The Suicide Prevention Hotline is staffed with volunteers who make themselves available to support, listen and empathize with those who are in the midst of a struggle. Directing someone you love to this hotline is important if you have any concerns.
Inform Their Loved Ones of Your Concern
While it may be tempting to keep the counsel of someone who comes to you to talk about suicidal thoughts, it’s more important for you to get some help than to keep a secret. Informing their loved ones of your concerns for their mental health doesn't just bring awareness to the situation, but you gain some support while you are dealing with it, too.
Their life is so much more important and more precious than worrying if they’ll be mad if you reach out to others. Their anger is better than your grief if they manage to follow through with any plans to harm themselves. Informing their loved ones of what’s happening is smart, and it’s going to help you all in the long run to surround them with love and support.
Be Gentle But Direct
If you suspect someone near to your heart is suicidal, then you should be gentle but firm in letting them know you are there to help, but you’re not doing it alone. Let them know that you will be contacting their loved ones, a crisis helper, and their family. If someone is telling you in the moment that they are going to hurt themselves, calling a doctor or an ambulance is also important.
The person who has told you about feeling suicidal may beg you not to tell anyone, and they may be upset that you even attempt to, but being resolute in your actions to get them help is key. Your support and your loyalty are a given, but be direct and act quickly to start getting the affected individual assistance. It’s also imperative to be gentle and not angry when delivering your message to them. You don’t want to potentially make their struggle or level of stress worse because of your tone.
Ask Them How You Can Help
Lastly, the best thing to do if you suspect that someone in your life is suicidal is to ask them directly what they need. What would make them feel better? What would make them feel more secure? There are plenty of facilities that can support people you suspect are suicidal and there are people to speak to. Giving all of the information possible to your friend or loved one is the best thing that you can do, in addition to asking them what else you can do to help. Providing your assistance is the first step, but asking about other ways you can support them – even if they just need someone to listen – can enable you to formulate a plan to preserve their life.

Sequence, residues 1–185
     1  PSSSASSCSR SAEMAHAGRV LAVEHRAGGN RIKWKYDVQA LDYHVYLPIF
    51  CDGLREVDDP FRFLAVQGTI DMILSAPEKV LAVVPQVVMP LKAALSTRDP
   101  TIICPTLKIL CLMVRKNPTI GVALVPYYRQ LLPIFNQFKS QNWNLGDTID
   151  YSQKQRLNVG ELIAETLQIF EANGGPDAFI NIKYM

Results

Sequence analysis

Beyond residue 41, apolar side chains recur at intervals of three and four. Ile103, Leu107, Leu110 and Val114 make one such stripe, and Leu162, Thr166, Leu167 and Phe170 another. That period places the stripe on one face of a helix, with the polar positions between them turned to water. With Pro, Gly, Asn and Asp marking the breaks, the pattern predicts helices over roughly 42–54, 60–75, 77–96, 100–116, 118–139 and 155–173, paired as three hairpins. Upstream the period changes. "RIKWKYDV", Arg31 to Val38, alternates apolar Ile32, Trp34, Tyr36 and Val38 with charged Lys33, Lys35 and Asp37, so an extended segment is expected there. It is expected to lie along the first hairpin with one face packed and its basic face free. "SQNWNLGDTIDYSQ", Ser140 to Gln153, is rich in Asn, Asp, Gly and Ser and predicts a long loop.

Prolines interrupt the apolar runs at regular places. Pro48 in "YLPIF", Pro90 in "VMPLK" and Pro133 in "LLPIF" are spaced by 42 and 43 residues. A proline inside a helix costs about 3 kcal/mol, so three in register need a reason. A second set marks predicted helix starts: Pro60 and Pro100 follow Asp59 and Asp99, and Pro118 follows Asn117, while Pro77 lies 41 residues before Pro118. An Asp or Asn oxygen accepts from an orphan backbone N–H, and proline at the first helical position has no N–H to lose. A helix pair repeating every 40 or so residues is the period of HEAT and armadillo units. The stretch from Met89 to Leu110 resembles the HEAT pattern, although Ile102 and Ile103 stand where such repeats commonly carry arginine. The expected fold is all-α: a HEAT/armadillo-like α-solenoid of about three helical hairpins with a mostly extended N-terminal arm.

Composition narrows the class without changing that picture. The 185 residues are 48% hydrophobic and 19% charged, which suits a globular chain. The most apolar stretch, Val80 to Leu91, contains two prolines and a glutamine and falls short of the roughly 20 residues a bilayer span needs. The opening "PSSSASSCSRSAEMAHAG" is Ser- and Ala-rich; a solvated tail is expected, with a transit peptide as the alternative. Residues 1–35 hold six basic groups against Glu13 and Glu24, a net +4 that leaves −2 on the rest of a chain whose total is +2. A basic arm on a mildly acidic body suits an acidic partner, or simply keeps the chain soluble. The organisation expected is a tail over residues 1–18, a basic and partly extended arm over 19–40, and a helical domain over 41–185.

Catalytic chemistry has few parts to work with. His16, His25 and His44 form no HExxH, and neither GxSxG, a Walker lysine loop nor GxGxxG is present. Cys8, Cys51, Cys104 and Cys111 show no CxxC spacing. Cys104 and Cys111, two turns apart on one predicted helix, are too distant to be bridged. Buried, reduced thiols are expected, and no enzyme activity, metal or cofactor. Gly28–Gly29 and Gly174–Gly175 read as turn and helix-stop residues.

It's time to feel better
We are here to help and we are in-network with most insurance providers. Call us for a free and confidential consultation.
If you’re a provider and need to send us information on a client, please feel free to fax us at 619-303-7044. If you need help immediately, call our 24-hour crisis line at 1-800-766-4274. If you have a medical emergency, call 911. Jackson House is licensed by the State of California Community Care Licensing Division and certified by the Department of Health Care Services. We are also CARF Accredited. If you have any client or quality of care concerns, please reach out to us at (888) 255-9280. If your concerns need further attention, you can contact the Department of Public Health at 619-278-3700 or the Community Care Licensing Division at 1-844-538-8766.